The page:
Calculus


#1

Calculus Study Guide

To “Learn Calculus”, pick a goal below. This is an honest, realistic and self-motivating learning plan.

  • Focus on bang for the buck: What’s the best way to spend 10 minutes? 2 hours?
  • Explore analogies, diagrams, and examples before diving into the technical details.
  • See learning as a progressive journey of discovery, not an all-or-nothing accomplishment.

Goal: Quick Insight (1 minute)

Calculus is the art of splitting patterns apart (X-rays, derivatives) and gluing patterns together (Time-lapses, integrals). Sometimes we can cleverly re-arrange the pattern to find a new insight.

A circle can be split into rings:

And the rings turned into a triangle:

Wow! We found the circle’s area in a simpler way. Welcome to Calculus.

Checkpoint:

  • Do you want to learn more more?

Goal: Intuitive Appreciation (30 mins)

Read:

Checkpoint: Describe, in your own words:

  • What Calculus does
  • X-Ray Vision
  • Time-lapse Vision
  • The tradeoffs when splitting a circle into rings, wedges, or boards
  • How to build a 3d shape from 2d parts

Goal: Technical Description (30 mins)

Read:

Checkpoint: Describe, in your own words:

  • Integral
  • Derivative
  • Integrand (a single step)
  • Bounds of integration

Skills:

  • Describe a Calculus action (splitting a circle into rings) using the official language
  • Enter the official language into Wolfram Alpha to solve the problem

Goal: Theory I (30 mins)

Read:

Checkpoint: Describe, in your own words:

  • How integrals/derivatives relate to multiplication/division

Skills:

  • Find the derivative/integral of a line
  • Find the derivative/integral of a constant
  • Find the derivative/integral of a square
  • Recognize the common notations for the derivative
  • Estimate the change in $f(x) = x^2$ using a step of size $dx$

Goal: Theory II (1 hour)

Read:

Checkpoint: Describe, in your own words:

  • How an infinite process can have a finite result
  • How a process with limited precision can point to a perfect result
  • The formal definition of the derivative
  • Estimate the change in $f(x) = x^2$ using a step of size $dx$, and let $dx$ go to zero. Verify the limit using Wolfram Alpha.
  • The Fundamental Theorem of Calculus (FTOC)

Derive and put into your own words:

  • The addition rule: $(f + g)’ = ?$
  • The product rule: $(f * g)’ = ?$
  • The inverse rule: $(\frac{1}{x})’ = ?$
  • The power rule: $ (x^n)’ = ? $
  • The quotient rule: $(\frac{f}{g})’ = ? $
  • Solve $ \frac{d}{dx} 3x^5 $ on your own and verify with Wolfram Alpha
  • Solve $ \int 2x^2 $ on your own and verify with Wolfram Alpha

Goal: Basic Problem Solving (1 hour)

Read:

Checkpoint: Describe how to turn the circumference of a circle into the area of a circle:

  • Explain your plan in plain English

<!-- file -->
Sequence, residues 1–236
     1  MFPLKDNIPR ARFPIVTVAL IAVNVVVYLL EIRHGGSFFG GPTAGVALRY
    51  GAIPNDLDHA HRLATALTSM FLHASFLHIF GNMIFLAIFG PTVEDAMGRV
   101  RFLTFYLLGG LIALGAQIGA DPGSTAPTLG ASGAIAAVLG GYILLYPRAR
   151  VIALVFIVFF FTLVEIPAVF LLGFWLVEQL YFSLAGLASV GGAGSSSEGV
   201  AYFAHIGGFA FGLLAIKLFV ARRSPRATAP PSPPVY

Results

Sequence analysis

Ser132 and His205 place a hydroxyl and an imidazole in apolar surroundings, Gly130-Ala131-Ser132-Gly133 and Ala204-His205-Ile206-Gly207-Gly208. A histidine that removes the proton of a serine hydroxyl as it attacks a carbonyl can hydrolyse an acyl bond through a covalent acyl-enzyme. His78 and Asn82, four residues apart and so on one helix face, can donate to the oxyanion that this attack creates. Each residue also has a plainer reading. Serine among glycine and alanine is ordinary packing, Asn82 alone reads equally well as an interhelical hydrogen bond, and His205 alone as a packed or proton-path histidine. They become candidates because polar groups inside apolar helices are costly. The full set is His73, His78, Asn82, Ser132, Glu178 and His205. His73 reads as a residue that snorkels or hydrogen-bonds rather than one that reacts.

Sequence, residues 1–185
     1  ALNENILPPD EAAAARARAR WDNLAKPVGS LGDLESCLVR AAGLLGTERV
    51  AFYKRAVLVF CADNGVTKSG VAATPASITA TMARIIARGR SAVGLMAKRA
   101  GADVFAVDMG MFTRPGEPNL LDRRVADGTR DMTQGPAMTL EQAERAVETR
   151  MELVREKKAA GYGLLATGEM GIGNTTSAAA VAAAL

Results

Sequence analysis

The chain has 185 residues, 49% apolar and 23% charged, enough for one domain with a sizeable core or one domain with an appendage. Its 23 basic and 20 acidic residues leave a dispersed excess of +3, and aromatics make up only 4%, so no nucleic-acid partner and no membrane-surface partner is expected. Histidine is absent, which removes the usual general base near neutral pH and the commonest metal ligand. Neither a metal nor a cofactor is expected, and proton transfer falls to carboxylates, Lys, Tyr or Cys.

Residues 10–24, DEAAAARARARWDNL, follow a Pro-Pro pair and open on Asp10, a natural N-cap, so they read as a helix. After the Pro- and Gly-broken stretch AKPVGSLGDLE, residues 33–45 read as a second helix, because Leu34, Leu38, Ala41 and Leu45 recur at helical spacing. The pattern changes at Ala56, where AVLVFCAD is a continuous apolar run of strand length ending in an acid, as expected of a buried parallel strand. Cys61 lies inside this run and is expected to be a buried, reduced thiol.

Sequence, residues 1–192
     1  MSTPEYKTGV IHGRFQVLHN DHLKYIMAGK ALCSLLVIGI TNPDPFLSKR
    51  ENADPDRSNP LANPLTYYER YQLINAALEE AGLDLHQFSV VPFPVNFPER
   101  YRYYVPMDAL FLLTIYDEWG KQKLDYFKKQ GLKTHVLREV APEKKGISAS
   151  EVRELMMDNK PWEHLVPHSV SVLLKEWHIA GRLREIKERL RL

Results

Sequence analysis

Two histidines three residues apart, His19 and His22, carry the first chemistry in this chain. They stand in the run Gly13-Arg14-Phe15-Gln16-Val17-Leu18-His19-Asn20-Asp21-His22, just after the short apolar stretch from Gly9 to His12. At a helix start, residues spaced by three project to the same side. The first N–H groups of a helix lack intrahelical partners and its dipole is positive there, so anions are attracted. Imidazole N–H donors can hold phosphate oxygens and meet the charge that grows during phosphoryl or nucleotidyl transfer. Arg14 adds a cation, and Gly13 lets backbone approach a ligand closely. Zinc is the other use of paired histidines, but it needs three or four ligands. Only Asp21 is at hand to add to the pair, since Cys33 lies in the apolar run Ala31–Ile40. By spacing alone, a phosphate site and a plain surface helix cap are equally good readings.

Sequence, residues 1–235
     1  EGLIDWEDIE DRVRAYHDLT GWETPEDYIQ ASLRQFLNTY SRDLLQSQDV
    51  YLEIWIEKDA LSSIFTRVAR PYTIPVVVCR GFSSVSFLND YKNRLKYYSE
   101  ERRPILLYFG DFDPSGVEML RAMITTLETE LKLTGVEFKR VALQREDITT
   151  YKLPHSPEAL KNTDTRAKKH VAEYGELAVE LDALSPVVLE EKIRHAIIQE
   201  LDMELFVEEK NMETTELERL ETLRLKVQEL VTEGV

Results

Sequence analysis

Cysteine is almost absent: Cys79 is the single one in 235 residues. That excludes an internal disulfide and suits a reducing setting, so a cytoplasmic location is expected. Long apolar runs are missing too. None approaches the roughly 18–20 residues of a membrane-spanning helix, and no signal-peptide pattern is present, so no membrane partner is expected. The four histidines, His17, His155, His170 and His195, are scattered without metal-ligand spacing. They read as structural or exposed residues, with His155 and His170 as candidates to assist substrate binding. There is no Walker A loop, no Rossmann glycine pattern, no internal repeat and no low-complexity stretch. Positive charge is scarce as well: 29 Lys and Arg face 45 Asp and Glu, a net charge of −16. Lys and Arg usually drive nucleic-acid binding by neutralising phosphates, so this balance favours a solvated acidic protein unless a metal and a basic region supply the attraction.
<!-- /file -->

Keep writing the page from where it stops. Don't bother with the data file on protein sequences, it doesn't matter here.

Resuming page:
• Explain your plan using the official math notation
  • Apply the rules of Calculus to your equation and calculate the result
  • Verify the result using Wolfram Alpha
  • Repeat the steps above, turning the area of a circle into the volume of a sphere
  • Repeat the steps above, turning the volume of a sphere into the surface area of a sphere

Goal: Hey, I really need to pass this course! (12 weeks)

Gotcha. The best use of time is still spending a few hours on the above goals, to build a solid intuition. Then, begin your Calculus course, such as:

  • Elementary Calculus: An Infinitesimal Approach by Jerome Keisler (2002). This book is based on infinitesimals (an alternative to limits, which I like) and has plenty of practice problems. Available in print or free online.

  • Calculus Made Easy by Silvanus Thompson (1914). This book follows the traditional limit approach, and is written in a down-to-earth style. Available on Project Gutenberg and print.

  • MIT 1801: Single Variable Calculus. Includes video lectures, assignments, exams, and solutions. Available free online.

As you go through the traditional course, keep this in mind:

  • Review the intuitive definition. Rephrase technical definitions in terms that make sense to you.

  • It’s completely fine to use online tools for help. When stuck, get a hint, fix your mistakes, and try solving a new problem on your own.

  • Relate graphs back to shapes. Most courses emphasize graphs and slopes; convert the concepts to shapes to help visualize them.

  • Skip limits if you get stuck. Limits (and infinitesimals) were invented after the majority of Calculus. If you struggle, move on and return later.


#2

[^1]: Visit http://betterexplained.com/calculus/book for clickable URLs.

Analogy: Calculus flipbook.

Derivative is the pattern you are adding. Integral is [flipping] through all the results and seeing the overall timelapse. What are you building up to?

“Rate of change” => amount of “red” you are adding. Slope is a percentage relative to the size of the step you made. Are you making changes as big as your current step? Negative? etc.

Highlight the change you are seeing each time [value of derivative at this time].